There’s nothing more frustrating than encountering an error screen while trying to watch YouTube. Whether it’s a video that won’t load, or that classic “this site can’t be reached” message in Google Chrome, the same question usually arises: Is it just me, or is YouTube down?
While network connectivity issues are usually quickly resolved or don’t affect all content on YouTube, other times the entire platform will be down. This can be for a variety of reasons, stemming from server issues, DDoS attacks, platform maintenance, or a problem with reaching YouTube’s servers themselves. Fortunately, when times like these arise, there are ways to find out what’s going on.
If you’re caught in a position where YouTube isn’t working correctly and you want to know if the problems are widespread or just exclusive to you, here are the best ways to check it out.
How to check YouTube’s status
First, navigate to YouTube and try both its homepage and a direct link to a video. If you’re encountering problems on both of these pages, then it’s likely the site is suffering from a platform-wide problem.
There are multiple websites dedicated to reporting problems with sites like YouTube. One of the best is Downdetector. At Downdetecor, you can see how many outages have been reported by users, where the reports are coming from, and what specific problems users are encountering. For instance, Downdetector will let you know if users in your neighborhood are also reporting outages, or if a specific feature is offline, like watching videos.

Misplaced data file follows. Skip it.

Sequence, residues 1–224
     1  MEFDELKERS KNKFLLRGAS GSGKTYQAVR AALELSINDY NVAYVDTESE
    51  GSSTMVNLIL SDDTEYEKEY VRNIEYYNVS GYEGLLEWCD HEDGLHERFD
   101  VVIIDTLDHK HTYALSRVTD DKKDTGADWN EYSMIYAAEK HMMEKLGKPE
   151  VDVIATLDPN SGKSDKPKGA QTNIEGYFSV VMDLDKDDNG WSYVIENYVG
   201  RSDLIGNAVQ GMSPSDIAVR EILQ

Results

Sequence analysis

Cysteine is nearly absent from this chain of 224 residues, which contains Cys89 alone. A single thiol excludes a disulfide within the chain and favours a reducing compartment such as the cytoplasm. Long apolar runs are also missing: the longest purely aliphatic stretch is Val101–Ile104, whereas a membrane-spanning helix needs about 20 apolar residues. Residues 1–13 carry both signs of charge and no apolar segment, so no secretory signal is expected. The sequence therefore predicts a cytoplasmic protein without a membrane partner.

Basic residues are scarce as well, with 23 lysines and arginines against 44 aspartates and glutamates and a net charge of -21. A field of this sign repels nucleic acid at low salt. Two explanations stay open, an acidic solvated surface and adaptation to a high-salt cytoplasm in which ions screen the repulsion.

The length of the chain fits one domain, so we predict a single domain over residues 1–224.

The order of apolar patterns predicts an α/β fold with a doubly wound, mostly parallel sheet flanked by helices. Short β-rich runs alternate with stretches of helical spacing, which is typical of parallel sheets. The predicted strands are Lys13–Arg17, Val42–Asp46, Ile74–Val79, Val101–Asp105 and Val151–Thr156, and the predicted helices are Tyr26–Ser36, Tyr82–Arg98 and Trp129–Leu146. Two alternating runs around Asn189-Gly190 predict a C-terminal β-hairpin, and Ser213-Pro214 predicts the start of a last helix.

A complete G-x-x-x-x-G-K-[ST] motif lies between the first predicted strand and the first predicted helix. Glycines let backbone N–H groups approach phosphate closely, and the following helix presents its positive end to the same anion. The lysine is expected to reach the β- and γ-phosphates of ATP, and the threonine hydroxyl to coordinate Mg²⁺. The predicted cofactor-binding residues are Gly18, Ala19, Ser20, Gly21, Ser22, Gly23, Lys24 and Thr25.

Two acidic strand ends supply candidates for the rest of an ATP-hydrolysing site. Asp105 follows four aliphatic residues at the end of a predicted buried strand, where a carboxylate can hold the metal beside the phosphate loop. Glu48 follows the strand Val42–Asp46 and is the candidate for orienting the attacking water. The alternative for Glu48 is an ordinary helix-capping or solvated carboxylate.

What if there are no reported outages?
If there are no reports by other users on Downdetector, you may be the first to encounter this issue. If this is the case, more reports should surface shortly. Otherwise, the issue could be on your end. And if that’s the case, there are a few troubleshooting steps you can try.
First, try opening and closing your browser. If this doesn’t help, you should try loading YouTube on a different browser or device.
For some people, their internet connection may be the issue. For instance, in some public Wi-Fi situations, YouTube may not be available. If you’re at home, your modem settings and ISP may be at fault. And if you’re on a VPN, YouTube may limit content for certain regions or connections. If possible, visit YouTube on another network to determine if the problem is rooted in your connection.
If all these steps don’t work, you may want to try restarting your device entirely. If YouTube is still down afterwards, try either waiting for the service to come back, or contact YouTube directly via its support system.